How these problems are usually solved

To deal with such side effects you do need a CSS methodology. Good methodology guarantees no such problem is to occur.

Below I will describe how BEM naming conventions can help in solving these problems; keep in mind that this is not the only solution: CSS Modules, Polymer and React solutions based on inline styles can be also used, provided you know how to.

  1. According to the BEM conventions, you can’t use tags as selectors. Nor use ids, since such elements cannot be used more than once per page. And you never know how many you will need until you try. Thus, CSS rules can only be applied to classes.
  2. In BEM, you create your own virtual namespace for all of the component elements by prefixing all its class names with the component name: .nav__item, .menu__item. Such prefixing prevents most naming conflicts.
  3. A separate folder is created for each component. It prevents name conflicts and, if used properly, guarantees that there won’t be more than one component of such prefix in the global namespace.
  4. BEM has only got a single type of nested selectors—element in a modifier-containing block. They look like that: .component_modifier .component__element {}. However, even in this case, both classes have to begin with the same prefix, both are kept in the same file, and both have no influence on other components.

These rules allow you to work with independent components that won’t break if being used in different parts of the website together with other components.

Bootstrap, what it is and how it works

Bootstrap is a collection of ready-to-use components (buttons, elements, forms). Being one of the biggest libraries of the kind, it is widely used in many areas.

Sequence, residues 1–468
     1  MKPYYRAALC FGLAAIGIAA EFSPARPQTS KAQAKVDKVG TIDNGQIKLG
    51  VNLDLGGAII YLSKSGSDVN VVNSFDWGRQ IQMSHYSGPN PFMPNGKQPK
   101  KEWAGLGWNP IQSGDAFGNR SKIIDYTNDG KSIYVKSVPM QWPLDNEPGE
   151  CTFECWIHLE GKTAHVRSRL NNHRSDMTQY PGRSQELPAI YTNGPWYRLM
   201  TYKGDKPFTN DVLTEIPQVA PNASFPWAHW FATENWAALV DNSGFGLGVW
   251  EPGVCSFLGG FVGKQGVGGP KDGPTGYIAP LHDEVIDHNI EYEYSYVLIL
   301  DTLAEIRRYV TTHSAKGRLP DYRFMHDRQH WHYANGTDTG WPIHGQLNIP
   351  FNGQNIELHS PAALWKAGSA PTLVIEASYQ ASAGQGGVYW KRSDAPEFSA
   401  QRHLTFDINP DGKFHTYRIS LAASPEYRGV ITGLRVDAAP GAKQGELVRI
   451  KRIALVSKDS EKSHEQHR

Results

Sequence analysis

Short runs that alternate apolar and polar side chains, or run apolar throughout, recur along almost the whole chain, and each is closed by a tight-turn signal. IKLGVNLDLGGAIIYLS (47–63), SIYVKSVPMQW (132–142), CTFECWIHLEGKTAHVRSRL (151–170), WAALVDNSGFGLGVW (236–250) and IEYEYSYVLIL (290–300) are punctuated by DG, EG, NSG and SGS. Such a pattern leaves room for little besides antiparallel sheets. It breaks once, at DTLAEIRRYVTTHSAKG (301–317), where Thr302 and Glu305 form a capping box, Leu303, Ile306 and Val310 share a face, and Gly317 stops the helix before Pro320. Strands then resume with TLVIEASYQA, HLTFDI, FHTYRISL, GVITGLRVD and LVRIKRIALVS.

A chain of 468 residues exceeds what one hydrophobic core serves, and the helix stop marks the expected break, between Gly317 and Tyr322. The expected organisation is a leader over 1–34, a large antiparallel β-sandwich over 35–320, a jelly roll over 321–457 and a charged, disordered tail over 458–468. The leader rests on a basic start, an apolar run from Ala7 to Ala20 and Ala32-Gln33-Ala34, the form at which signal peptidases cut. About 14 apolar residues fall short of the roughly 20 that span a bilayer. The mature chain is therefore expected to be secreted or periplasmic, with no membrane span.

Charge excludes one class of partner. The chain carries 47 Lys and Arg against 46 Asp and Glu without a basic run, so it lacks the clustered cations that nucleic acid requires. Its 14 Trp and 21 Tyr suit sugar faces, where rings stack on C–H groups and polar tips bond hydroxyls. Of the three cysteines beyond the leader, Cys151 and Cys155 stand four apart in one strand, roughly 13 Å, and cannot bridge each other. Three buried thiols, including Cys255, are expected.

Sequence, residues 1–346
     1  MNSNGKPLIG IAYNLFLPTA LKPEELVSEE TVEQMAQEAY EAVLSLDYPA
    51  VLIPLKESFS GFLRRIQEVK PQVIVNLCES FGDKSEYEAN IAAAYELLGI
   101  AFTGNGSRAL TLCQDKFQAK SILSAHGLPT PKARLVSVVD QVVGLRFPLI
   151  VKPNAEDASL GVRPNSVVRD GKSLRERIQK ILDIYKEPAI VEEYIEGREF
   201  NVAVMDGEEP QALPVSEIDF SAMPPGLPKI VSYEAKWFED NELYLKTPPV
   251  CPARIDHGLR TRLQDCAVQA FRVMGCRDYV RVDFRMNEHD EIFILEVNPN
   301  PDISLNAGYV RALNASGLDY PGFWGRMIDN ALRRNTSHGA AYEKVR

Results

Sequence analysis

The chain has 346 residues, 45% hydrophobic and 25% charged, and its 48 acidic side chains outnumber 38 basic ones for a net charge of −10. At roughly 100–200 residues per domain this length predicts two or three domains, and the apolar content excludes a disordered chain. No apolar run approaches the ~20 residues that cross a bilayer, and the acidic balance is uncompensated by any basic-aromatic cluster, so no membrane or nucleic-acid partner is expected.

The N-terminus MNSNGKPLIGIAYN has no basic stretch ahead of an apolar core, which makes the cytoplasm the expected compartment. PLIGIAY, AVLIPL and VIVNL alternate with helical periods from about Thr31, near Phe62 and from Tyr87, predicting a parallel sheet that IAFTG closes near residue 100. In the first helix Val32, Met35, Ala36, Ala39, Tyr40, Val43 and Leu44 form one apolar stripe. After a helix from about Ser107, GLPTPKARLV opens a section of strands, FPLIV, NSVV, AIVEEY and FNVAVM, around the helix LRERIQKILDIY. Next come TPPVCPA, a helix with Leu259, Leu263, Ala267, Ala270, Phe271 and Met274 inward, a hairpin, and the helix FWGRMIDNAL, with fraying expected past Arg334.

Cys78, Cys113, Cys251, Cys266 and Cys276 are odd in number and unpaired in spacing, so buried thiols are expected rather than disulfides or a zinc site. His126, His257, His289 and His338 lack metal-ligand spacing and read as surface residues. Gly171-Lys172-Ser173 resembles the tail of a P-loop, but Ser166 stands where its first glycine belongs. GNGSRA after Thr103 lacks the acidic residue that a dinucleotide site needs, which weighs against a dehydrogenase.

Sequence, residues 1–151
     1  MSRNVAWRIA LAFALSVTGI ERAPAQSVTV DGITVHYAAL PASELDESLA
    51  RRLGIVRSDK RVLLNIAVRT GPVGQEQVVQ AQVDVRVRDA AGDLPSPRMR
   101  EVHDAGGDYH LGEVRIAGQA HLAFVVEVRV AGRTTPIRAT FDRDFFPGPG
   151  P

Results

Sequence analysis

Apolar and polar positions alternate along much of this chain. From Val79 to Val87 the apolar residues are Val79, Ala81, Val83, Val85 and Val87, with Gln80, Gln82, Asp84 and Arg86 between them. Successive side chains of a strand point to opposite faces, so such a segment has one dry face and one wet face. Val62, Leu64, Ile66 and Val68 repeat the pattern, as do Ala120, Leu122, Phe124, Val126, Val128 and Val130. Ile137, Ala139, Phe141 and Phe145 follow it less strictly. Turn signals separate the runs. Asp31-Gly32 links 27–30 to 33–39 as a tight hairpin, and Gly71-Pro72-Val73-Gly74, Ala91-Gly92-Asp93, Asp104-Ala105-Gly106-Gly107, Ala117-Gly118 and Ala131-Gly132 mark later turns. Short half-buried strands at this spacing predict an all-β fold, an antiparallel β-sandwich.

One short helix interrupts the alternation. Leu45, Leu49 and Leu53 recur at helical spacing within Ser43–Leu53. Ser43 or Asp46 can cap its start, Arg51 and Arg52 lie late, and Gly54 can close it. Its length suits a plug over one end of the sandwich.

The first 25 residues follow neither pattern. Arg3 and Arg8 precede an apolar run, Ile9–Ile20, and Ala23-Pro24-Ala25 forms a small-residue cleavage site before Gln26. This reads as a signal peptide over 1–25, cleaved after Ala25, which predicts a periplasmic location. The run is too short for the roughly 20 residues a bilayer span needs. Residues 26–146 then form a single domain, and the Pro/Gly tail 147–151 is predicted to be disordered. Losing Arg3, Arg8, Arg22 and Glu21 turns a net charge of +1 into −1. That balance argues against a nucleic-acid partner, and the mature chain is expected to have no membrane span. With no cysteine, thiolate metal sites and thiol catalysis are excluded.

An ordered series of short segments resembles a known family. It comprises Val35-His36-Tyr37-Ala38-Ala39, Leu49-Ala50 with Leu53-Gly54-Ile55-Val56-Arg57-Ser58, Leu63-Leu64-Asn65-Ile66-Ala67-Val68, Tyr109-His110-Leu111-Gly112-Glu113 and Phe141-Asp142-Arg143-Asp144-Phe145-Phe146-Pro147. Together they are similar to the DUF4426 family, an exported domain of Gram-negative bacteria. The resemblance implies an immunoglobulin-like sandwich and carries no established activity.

If you don’t intend to use anything but standard Bootstrap elements, Bootstrap is of choice. Its range of application covers CMS, CRM, simple websites of open source projects, fast prototypes and the likes.

However, it is not the best idea to use Bootstrap if the website has a complex design, non-standard components or complex combinations of such components (for instance, if there are A/B tests using a number of alternative component designs and page layouts). This is because Bootstrap was not made to extend.

Its rules are meant to be short and simple, not independent and extensible:

  1. Bootstrap redefines the visual styles of essential tags such as headers and form elements.
  2. Bootstrap often changes the way an element is rendered based on what its parents are. At least, it has recently started to use the > rule in selectors. However, things like that make the work with it unpredictable and obstruct redesign.
  3. Bootstrap floods global namespace with hundreds of generically named classes, such as: .table, .dropdown, .row, .left, etc. You have to keep these class names in mind and avoid using them while extending your CSS or you will have some unexpected surprises down the road.

When Bootstrap can cause problems

Let’s walk through some examples when Bootstrap is harmful rather than useful. The list does not include all possible scenarios but I think you get the idea.

1. Large scale e-commerce and news websites

The key performance indicator of an e-commerce site is its conversion rate. The conversion rate is significantly affected by the design of a product page and purchase process implementation. Increasing the conversion is of extreme importance since a half percent growth can be enough for a business to employ twice as many front end developers as it has have.